|Michael speaking at the Forum in Milan|
The first day of the forum was very upbeat. Much of it was around the European Year of Cultural Heritage, which was kicked off at the event, and this clearly gave a lot of people much cause for celebration. It is, of course, wonderful that Europe is going to be putting so much energy into cultural heritage in 2018 - though I would love to know what this is going to mean in practice, and how far "heritage" embraces the complex morality of our continent's past. If it does, then perhaps there's space to take in the migrant crisis, the role of Islam, the inheritance of colonialism. There's a danger it could all turn into a festival of "aren't we marvellous?" Towards the end of the first day, Ferdinand Richard from the Roberto Cimetta Fund sounded an appropriate warning note when he said that culture was in danger of being hi-jacked by nationalism. This is the Europe we are actually living in, and Britain's current tragedy reflects that. It seemed important to address this on day 2.
So - the plenary of which I was a part is available to watch here - it actually begins at 8hrs 18mins in, and lasts a healthy two hours, so if you can't stand the thought of that, here's a basic summary. The Moderator, Hannah Conway, very kindly gave me the first word - so I was able to set a bit of a tone for the debate. I was asked about the role of culture in promoting social cohesion - and my response was that the two things are essentially the same. We shouldn't be taking an instrumental view of culture, calling it a "tool" or something to be "exploited" or "used". Culture, I ventured to suggest, is the public generation of meaning - and so it's the base from which a healthy society can grow. You don't know why you are doing anything else if you don't have meaning - so of course in order to have any form of social cohesion, you have to have culture. What's more, for that cohesion to be sustainable, the culture has to be dynamic and fluid - this is where it begins to overlap with democracy.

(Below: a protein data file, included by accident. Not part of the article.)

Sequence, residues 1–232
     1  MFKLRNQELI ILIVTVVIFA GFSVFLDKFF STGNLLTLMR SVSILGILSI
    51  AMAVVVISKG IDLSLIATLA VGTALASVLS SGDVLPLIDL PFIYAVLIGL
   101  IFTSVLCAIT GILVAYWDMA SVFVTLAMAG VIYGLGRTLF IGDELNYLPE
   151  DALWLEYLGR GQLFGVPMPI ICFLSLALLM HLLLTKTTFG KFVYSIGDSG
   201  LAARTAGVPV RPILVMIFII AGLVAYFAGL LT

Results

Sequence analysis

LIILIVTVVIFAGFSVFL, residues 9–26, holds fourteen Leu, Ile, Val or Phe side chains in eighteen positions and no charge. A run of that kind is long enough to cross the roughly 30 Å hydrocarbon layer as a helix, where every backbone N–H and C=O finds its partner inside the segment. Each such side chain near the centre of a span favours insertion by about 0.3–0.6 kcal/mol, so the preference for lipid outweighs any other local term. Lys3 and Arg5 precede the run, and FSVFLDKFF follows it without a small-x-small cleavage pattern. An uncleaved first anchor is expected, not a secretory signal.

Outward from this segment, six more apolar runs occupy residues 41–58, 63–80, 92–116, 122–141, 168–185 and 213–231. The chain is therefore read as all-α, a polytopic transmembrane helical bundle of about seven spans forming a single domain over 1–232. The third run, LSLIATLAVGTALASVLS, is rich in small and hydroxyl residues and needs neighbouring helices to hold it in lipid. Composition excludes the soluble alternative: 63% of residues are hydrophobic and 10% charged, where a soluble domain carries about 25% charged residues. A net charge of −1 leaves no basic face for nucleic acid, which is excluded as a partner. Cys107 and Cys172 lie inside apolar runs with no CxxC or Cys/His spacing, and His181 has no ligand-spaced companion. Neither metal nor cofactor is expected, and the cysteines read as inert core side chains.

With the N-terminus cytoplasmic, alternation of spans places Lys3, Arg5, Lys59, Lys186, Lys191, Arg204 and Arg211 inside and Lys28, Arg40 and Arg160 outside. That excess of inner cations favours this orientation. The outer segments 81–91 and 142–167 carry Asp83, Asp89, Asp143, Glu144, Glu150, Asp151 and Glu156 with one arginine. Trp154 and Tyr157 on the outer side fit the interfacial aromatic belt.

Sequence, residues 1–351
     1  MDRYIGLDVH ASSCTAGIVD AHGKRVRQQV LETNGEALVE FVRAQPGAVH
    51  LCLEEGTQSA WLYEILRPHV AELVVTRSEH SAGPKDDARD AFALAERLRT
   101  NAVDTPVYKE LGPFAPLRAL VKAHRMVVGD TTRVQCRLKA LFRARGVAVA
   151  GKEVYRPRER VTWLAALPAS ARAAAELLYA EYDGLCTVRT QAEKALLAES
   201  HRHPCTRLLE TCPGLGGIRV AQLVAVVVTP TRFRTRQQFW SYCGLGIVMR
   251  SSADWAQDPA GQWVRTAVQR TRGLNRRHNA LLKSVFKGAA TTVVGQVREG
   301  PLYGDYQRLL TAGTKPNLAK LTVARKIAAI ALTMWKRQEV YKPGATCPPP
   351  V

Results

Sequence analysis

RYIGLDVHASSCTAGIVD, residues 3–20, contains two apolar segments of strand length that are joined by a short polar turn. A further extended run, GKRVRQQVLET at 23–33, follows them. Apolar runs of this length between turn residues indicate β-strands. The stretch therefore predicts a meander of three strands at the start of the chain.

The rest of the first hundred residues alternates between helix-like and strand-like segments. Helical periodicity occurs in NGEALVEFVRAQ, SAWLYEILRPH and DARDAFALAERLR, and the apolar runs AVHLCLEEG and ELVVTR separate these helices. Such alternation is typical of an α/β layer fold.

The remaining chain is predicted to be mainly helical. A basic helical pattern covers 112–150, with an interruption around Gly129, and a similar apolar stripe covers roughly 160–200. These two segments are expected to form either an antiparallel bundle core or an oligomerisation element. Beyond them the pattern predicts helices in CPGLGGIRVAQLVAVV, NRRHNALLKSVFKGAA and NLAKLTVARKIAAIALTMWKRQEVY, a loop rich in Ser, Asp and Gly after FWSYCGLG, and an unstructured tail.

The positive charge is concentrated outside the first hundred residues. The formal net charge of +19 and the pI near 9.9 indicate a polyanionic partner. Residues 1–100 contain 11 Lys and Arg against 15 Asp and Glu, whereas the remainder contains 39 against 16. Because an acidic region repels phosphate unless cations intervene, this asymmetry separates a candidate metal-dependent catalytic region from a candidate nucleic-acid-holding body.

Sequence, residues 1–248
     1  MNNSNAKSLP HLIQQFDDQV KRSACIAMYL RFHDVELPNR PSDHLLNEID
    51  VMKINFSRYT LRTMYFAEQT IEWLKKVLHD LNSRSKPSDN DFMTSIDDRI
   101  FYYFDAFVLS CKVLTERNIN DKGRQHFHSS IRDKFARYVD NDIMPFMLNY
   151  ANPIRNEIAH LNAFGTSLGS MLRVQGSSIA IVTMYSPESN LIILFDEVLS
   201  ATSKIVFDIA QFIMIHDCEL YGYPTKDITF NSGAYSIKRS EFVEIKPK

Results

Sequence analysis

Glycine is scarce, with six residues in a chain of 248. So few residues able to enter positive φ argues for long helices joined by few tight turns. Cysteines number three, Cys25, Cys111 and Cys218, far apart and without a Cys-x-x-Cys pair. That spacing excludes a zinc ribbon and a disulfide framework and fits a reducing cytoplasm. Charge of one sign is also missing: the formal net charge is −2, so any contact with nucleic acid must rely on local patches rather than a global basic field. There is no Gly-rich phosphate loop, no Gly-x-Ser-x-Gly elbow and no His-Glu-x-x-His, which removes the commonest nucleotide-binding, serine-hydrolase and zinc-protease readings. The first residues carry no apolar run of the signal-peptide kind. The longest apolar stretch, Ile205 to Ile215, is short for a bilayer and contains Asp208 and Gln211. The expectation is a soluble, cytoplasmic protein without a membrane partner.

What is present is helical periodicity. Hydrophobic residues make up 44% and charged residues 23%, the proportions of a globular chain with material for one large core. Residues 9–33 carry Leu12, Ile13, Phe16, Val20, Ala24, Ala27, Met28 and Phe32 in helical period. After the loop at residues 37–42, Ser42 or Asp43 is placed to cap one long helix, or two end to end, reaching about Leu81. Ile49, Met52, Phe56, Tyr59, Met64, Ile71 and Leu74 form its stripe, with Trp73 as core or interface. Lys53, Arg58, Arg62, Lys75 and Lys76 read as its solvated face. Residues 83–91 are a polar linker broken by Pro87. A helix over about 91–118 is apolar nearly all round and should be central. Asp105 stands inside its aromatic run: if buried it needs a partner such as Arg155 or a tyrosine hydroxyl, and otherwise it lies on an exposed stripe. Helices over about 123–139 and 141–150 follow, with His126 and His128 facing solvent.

The question of inclusivity had to be addressed - I think a lot of people were very pleased that I called out the Forum for the all-white panels. The question of culture within policy matters - I used the example of our refugee work in Plymouth, but also called for something bigger, for a real engagement of art and culture in the political process, on the lines of Periclean Athens. Of course that was described as hopelessly Utopian - but the truth is that "realism" hasn't done too well recently. The current situation - Trump, Brexit, Putin - is a list of things many people said "could never happen". And then they did. I think that might be true of the Utopian alliance between culture and policy as well.